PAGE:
newsrooms

During discussion of Bigfoot, Managing editor: “(Crazy Regular Newsroom Visitor) knows him.”

Crazy Regular Newsroom Visitor: “Yeah, we seen him one time and you know what we did? We sat there on a rock and smoked PCP.”

Two nights ago I…

Was here at the NPR HQ with the Elections Desk intern helping out with the live New Hampshire primary special. I’m Paulina and I’m the Washington Desk intern (on the right in the photo above. Elections Desk intern Jordan Gass-Poore is on the left). For three hours, All-Things-Considered ’s Ari Shapiro and Audie Cornish hosted a live special with different guests, reporter spots and live feeds from the candidates as the results of the primary were announced.

One of the best things about being here during a live special is watching everyone in action. The buzz in the newsroom is really contagious, everyone is focused and aware of how important their specific work is and also how exciting and momentous these events are in an election year. The editors and reporters in the building and on the field are so sharp and on top of their beats, which makes it so exciting to listen to them give as-they-happen updates from New Hampshire, from South Carolina, or even from inside the studio. (And depending on your level of political nerdiness, various exit poll data and analysis of candidates’ speeches can get pretty thrilling).

Our job was to follow along during the live show, listening for good quotes from reporters, pollsters, campaign representatives and from candidates’ victory and concession speeches for all things digital and social. You can see some of the quotes we collected that were tweeted out from @nprpolitics. Ahead of primary night, I also wrote a story about Dixville Notch, a small town in New Hampshire that holds the tradition of voting right at midnight, and whether the results are at all predictive of what’s to come in the primary. You can read it here: http://www.npr.org/2016/02/08/466073545/3-tiny-new-hampshire-towns-vote-at-midnight-do-they-predict-anything?utm_source=twitter.com&utm_campaign=politics&utm_medium=social&utm_term=nprnews

Jordan and I also took over the NPR intern social accounts, on Twitter and on Instagram, to keep ~the fans~ updated on what we were doing and what was happening in the newsroom. Feel free to follow along with us during the next primary. Next up: South Carolina’s Republican primary on February 20.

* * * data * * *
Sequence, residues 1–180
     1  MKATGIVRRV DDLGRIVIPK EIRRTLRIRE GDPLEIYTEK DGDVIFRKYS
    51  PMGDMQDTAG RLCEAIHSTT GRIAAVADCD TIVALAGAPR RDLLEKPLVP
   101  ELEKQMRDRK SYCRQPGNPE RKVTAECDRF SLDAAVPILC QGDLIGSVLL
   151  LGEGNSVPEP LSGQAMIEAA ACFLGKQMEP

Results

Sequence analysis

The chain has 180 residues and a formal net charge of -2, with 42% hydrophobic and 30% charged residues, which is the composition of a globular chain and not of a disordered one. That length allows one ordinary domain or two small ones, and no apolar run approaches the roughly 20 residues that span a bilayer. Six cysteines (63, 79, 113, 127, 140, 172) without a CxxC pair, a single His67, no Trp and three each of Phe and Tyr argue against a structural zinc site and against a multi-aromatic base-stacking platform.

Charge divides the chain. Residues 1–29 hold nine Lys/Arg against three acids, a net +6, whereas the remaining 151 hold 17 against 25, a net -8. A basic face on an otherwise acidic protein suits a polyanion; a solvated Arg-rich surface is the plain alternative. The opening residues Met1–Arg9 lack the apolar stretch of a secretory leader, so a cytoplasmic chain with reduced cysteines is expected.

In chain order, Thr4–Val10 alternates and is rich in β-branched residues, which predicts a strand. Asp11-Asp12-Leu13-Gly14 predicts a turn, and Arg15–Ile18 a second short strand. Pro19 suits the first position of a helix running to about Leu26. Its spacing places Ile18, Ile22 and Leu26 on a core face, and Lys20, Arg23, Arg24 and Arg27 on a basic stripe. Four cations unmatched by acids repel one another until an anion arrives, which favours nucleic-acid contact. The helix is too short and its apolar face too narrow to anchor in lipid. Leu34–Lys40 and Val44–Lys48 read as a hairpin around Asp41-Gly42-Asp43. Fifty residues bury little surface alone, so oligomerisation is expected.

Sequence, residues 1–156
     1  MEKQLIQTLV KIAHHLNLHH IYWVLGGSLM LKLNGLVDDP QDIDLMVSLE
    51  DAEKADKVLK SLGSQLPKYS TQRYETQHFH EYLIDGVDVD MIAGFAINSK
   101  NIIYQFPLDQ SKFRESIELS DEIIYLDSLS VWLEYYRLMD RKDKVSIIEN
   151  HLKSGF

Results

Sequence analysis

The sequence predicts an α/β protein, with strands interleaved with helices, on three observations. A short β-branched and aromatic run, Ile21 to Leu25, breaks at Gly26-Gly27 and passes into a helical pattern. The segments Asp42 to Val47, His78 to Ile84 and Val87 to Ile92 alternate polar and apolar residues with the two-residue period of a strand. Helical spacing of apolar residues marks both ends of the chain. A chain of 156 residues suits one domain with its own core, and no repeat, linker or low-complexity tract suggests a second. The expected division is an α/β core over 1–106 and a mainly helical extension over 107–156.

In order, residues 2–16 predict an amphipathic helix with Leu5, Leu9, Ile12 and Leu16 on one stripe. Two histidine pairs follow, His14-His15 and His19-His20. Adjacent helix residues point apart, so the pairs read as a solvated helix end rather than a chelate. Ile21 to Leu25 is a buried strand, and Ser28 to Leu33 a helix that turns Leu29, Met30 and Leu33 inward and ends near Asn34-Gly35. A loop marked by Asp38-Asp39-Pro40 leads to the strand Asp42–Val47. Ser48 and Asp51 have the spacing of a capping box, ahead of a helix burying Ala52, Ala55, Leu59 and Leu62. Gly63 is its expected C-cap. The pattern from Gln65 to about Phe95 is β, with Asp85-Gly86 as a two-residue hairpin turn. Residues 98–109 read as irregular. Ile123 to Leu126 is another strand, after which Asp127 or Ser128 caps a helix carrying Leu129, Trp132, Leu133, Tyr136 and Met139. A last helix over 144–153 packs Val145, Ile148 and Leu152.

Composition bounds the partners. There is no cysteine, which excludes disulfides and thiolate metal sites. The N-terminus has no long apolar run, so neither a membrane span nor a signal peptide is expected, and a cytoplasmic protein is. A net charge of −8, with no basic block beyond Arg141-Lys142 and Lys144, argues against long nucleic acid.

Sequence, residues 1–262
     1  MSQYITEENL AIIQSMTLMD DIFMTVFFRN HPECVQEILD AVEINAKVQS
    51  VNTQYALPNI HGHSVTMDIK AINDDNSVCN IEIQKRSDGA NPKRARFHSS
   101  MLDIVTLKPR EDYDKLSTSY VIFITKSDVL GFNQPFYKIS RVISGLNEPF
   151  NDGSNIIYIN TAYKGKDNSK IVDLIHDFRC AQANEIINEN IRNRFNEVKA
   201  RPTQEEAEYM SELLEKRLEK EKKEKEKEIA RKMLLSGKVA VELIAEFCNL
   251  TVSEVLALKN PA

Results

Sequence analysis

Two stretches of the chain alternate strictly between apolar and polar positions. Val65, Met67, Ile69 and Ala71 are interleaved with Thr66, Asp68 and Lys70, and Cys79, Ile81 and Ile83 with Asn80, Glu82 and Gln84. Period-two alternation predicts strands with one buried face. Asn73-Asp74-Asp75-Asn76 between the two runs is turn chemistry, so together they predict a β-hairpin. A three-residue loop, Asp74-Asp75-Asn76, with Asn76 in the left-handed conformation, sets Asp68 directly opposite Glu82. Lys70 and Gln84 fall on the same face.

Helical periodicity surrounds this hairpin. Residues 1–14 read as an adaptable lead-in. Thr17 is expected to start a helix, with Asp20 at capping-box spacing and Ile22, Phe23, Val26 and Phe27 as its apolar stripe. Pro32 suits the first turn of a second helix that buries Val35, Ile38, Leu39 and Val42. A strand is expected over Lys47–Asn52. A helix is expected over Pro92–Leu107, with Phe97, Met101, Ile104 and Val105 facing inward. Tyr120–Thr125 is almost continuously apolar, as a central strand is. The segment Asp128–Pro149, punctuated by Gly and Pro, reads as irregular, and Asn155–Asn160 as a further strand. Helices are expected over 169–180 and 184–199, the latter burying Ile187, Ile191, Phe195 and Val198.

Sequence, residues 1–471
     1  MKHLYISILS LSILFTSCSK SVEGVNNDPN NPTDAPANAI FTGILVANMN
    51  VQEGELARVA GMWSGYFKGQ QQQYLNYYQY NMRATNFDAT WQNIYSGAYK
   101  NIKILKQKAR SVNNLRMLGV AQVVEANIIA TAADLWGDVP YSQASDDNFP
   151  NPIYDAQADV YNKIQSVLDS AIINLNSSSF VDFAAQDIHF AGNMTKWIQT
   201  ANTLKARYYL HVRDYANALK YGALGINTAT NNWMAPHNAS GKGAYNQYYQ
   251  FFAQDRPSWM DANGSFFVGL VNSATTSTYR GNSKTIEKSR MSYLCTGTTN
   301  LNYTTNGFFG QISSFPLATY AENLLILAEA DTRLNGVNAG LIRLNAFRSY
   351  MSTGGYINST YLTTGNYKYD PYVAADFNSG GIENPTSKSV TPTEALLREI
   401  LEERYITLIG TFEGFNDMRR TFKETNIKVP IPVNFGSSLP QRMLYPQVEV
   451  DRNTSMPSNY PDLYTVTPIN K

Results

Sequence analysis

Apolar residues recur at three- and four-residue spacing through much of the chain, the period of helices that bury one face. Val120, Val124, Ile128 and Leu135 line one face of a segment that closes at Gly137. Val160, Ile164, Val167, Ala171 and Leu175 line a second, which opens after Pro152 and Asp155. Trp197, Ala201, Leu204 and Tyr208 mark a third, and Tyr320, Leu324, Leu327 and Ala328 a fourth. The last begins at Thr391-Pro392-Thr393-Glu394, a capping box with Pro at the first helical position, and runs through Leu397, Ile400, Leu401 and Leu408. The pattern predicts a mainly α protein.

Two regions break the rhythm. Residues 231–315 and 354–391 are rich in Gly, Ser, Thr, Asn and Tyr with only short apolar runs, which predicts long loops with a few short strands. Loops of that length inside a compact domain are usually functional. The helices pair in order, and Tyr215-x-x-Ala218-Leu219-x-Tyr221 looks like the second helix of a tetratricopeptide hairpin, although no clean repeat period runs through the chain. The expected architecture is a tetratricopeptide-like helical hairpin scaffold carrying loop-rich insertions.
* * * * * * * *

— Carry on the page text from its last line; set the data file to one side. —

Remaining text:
—    Paulina Firozi, Washington Desk

The Best Auto-Reply

Via Elan Morgan:

When we give so much of our media space over to discussion about the irritation that is listening to women’s voices, we miss the underlying truth and strengthen an already powerful and ugly cultural bias. This ongoing, superficial public discussion about women’s speech habits is really about our resistance to listening to or featuring women in public discussion. It is not about how women need to be taught how to speak.

The bias against women in public dialog, from the complaints about the way they speak to our reticence to see them in positions of power, limits their participation in the culture and the politics that affect change not only in their own lives but also in their communities and the larger world. This imbalance has deep and broad social, political, and economic impacts for all of us, both women and men.

That is what we really need to be talking about.

Image: Screenshot of an auto-reply email created by Katie Mingle of the design — and design thinking — 99% Invisible podcast.

Lack of female sources in NY Times front-page stories highlights need for change

In an analysis of 352 front-page stories from the Times in January and February 2013, we found that Times reporters quoted 3.4 times as many male sources as female sources.

Read more at Poynter

Why Not Occupy Newsrooms?

Almost two weeks ago, USA Today put its finger on why the Occupy Wall Street protests continued to gain traction.

“The bonus system has gone beyond a means of rewarding talent and is now Wall Street’s primary business,” the newspaper editorial stated, adding: “Institutions take huge gambles because the short-term returns are a rationale for their rich payouts. But even when the consequences of their risky behavior come back to haunt them, they still pay huge bonuses.”

Well thought and well put, but for one thing: If you were looking for bonus excess despite miserable operations, the best recent example I can think of is Gannett, which owns USA Today.

The week before the editorial ran, Craig A. Dubow resigned as Gannett’s chief executive. His short six-year tenure was, by most accounts, a disaster. Gannett’s stock price declined to about $10 a share from a high of $75 the day after he took over; the number of employees at Gannett plummeted to 32,000 from about 52,000, resulting in a remarkable diminution in journalistic boots on the ground at the 82 newspapers the company owns.

http://www.nytimes.com/2011/10/24/business/media/why-not-occupy-newsrooms.html?nl=todaysheadlines&emc=tha210

okay, folks, iowa results are in and hillary’s officially won 23 delegates to bernie’s 21.

if you’ve been talking to me you know who i support, and i’m not going to pretend i don’t have strong feelings about this result; but i’m also not going to pretend i’m not much more fascinated by the hot mess that is this entire election.

most of all, i want to emphasize that less than 20% of iowans made it to the caucuses, and that’s important.

this particular race was incredibly narrow– more participation on one side or the other absolutely would’ve tipped the balance in a big way. that participation didn’t happen.